Fixed point math routines

 XCore Addict
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 Joined: Wed May 11, 2016 3:50 pm
Fixed point math routines
I hate to ask, but does anybody have a fixed point math acos or asin functions written they could share? I'm trying to get these calls down some, they dont take forever at 42uS but when I'm performing multiple calls of them at the same time along with i2c transactions the timing can start to get tight. Alternatively if anyone could recommend some books, papers, or other libraries in whatever language with source, that describe how this would be done I'd appreciate it.

 XCore Expert
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 Joined: Thu Nov 26, 2015 11:47 pm
The quickest method, if you can use it, is a lookup table. acos(x) can be computed from asin(x) and asin(x) is just asin(x) so it seems to me you could have a pretty small asin lookup table (+ve input +ve output) if you don't need huge resolution. You can interpolate between points in your table to improve resolution a bit to trade off computation time with memory usage. I have done this for sin but not asin.
I have seen asin computed using NR or from atan (which is itself computed from continued fraction expansion) if you despise lookup tables. And then the fixed point math gets messy compared to floating point in my opinion. But I don't think for realworld resolutions it would save a tonne of memory and would use a lot more compute power.
Interested to hear if anyone knows better, like I said I've not actually implemented arcsin myself in fixed point.
I have seen asin computed using NR or from atan (which is itself computed from continued fraction expansion) if you despise lookup tables. And then the fixed point math gets messy compared to floating point in my opinion. But I don't think for realworld resolutions it would save a tonne of memory and would use a lot more compute power.
Interested to hear if anyone knows better, like I said I've not actually implemented arcsin myself in fixed point.

 XCore Expert
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Of course the lookup table + interpolation will get pretty inaccurate very close to input of 1 or +1, but NR will take a long time to converge there, too. You might want to convert some of the functions here (http://http.developer.nvidia.com/Cg/index_stdlib.html) from floating point to fixed point for acos and asin and see if that gives you better results. Won't be as fast a lookup table but will use less memory. I haven't done it myself either.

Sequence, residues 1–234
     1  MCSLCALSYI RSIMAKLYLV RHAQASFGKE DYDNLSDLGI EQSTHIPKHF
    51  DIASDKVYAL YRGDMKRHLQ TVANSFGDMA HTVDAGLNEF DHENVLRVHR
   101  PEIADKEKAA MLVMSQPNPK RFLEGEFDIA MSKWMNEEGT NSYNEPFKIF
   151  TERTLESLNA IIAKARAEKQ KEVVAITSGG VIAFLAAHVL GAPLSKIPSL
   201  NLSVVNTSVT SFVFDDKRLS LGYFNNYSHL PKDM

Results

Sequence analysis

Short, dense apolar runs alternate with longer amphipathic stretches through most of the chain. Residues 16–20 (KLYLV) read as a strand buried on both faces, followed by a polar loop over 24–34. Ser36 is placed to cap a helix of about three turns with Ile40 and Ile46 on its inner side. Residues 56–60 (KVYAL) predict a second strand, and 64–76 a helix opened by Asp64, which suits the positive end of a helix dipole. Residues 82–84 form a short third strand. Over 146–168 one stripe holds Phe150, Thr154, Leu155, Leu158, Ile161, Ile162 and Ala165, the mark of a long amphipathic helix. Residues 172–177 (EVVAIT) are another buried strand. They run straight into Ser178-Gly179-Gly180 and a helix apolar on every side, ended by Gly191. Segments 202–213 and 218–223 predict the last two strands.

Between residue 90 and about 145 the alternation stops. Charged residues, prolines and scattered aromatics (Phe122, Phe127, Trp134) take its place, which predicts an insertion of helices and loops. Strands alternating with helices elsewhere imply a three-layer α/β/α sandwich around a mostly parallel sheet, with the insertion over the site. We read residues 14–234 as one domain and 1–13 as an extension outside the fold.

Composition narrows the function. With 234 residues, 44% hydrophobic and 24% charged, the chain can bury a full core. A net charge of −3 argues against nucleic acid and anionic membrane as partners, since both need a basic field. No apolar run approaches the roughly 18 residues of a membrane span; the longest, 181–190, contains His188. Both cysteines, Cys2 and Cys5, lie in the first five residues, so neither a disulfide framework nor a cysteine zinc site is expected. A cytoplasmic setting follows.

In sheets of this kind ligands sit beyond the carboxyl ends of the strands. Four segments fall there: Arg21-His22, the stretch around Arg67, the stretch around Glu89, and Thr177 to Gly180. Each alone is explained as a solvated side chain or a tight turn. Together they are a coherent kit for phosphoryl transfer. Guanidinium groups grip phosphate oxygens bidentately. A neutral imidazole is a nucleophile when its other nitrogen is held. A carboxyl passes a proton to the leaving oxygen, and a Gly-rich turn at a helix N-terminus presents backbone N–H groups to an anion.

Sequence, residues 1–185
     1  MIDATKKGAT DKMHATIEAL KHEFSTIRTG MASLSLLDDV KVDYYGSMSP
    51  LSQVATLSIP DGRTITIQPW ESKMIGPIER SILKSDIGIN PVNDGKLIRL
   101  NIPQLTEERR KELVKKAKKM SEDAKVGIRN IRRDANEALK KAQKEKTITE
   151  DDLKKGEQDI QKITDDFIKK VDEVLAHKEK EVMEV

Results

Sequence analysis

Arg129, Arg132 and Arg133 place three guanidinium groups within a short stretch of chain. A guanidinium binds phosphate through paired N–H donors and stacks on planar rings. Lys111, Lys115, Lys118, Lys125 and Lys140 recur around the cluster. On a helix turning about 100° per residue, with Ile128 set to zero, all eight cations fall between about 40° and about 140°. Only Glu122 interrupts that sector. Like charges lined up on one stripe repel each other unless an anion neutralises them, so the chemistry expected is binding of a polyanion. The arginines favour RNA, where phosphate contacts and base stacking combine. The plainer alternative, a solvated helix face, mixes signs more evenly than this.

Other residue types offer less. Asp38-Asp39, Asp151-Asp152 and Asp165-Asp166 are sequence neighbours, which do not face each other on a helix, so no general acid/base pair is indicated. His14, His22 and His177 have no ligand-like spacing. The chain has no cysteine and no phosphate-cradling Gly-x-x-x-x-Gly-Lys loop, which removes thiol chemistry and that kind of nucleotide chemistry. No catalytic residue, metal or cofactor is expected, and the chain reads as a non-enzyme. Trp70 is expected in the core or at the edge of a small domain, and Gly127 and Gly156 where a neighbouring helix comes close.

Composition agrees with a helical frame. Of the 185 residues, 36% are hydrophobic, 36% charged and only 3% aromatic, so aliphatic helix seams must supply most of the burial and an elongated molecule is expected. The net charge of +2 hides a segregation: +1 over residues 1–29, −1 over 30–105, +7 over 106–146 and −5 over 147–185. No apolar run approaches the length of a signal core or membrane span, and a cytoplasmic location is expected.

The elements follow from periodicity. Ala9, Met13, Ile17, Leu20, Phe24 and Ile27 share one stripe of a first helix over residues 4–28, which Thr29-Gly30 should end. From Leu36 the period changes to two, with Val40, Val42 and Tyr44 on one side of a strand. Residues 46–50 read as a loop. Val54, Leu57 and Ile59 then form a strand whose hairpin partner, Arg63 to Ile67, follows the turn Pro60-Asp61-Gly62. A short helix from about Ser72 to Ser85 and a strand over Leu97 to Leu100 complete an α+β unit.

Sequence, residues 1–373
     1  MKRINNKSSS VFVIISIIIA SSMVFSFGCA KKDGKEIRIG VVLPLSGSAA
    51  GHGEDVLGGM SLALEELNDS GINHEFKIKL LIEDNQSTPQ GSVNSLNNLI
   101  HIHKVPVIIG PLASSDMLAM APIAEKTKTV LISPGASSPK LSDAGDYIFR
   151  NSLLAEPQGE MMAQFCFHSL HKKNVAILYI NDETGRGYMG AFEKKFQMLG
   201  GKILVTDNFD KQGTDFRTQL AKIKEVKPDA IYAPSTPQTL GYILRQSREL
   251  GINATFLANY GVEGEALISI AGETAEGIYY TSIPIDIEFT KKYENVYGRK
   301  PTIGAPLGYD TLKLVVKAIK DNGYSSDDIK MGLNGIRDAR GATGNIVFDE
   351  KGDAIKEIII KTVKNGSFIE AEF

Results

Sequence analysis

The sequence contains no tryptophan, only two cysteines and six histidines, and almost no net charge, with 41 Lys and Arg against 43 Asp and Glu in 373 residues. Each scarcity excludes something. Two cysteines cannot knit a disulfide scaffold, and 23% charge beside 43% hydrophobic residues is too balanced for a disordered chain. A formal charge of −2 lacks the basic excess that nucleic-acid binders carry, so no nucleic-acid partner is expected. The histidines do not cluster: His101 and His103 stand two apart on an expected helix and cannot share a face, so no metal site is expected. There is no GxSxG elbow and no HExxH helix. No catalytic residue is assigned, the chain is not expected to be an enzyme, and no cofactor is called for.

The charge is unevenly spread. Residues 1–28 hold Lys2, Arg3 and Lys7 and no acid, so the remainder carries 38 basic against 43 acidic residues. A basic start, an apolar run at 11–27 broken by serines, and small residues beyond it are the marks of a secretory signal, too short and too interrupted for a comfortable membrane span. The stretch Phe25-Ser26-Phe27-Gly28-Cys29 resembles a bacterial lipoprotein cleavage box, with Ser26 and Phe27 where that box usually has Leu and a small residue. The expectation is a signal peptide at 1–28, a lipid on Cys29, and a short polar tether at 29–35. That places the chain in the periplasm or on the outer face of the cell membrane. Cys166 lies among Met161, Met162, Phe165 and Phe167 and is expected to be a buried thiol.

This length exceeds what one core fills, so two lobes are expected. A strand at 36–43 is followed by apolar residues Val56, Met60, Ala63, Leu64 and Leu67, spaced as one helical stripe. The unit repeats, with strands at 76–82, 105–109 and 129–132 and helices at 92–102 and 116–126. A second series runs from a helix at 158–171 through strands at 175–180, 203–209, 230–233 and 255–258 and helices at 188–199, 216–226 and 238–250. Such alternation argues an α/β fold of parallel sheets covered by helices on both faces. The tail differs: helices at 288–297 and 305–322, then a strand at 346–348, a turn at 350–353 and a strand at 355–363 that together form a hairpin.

XCore Addict
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Thanks, I'll check it out and see what works for me.

 Respected Member
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Hi,
Have a look at https://github.com/xmos/lib_dsp
It contains many of the functions, and they are all reasonably well optimised.
Cheers,
Henk
Have a look at https://github.com/xmos/lib_dsp
It contains many of the functions, and they are all reasonably well optimised.
Cheers,
Henk

 Respected Member
 Posts: 347
 Joined: Wed Jan 27, 2016 5:21 pm
Sorry  that appears to be closed at the moment. Whilst that is being sorted out, you can download the source here
<https://www.xmos.com/support/libraries?subcategory=DSP>
<https://www.xmos.com/support/libraries?subcategory=DSP>

 Respected Member
 Posts: 347
 Joined: Wed Jan 27, 2016 5:21 pm
Even more sorry  just realised you want the arc sin and arc cos. Cody and Waite will have an algorithm for them, I will try and dig it out.

 XCore Addict
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If you can find those that'd be great. As it is I use the xcore200 dsp math library everywhere it makes sense and it works really well. I looked for a copy of the book since it was cited but couldn't find one near.

 Experienced Member
 Posts: 96
 Joined: Mon Mar 22, 2010 8:55 pm
You can calculate arcsin from a reasonably simple infinite series. Look at:
https://en.wikipedia.org/wiki/Inverse_t ... ite_series
and choose a suitable cutoff point.
Arccos can be derived from that as arccos(z) = pi/2  arcsin(z).
Someone on stackexchange provided this as a pretty accurate floatingpoint implementation:
y = x*(1+x*x*(1/6+ x*x*(3/(2*4*5) + x*x*((1*3*5)/(2*4*6*7)))))
Looks like you could get a fixedpoint implementation out of that.
https://en.wikipedia.org/wiki/Inverse_t ... ite_series
and choose a suitable cutoff point.
Arccos can be derived from that as arccos(z) = pi/2  arcsin(z).
Someone on stackexchange provided this as a pretty accurate floatingpoint implementation:
y = x*(1+x*x*(1/6+ x*x*(3/(2*4*5) + x*x*((1*3*5)/(2*4*6*7)))))
Looks like you could get a fixedpoint implementation out of that.

 Experienced Member
 Posts: 96
 Joined: Mon Mar 22, 2010 8:55 pm
I think you'll need to do a range reduction to use the polynomial approach, though. This may not be suitable. See this:
http://stackoverflow.com/questions/7378 ... cfuncions
http://stackoverflow.com/questions/7378 ... cfuncions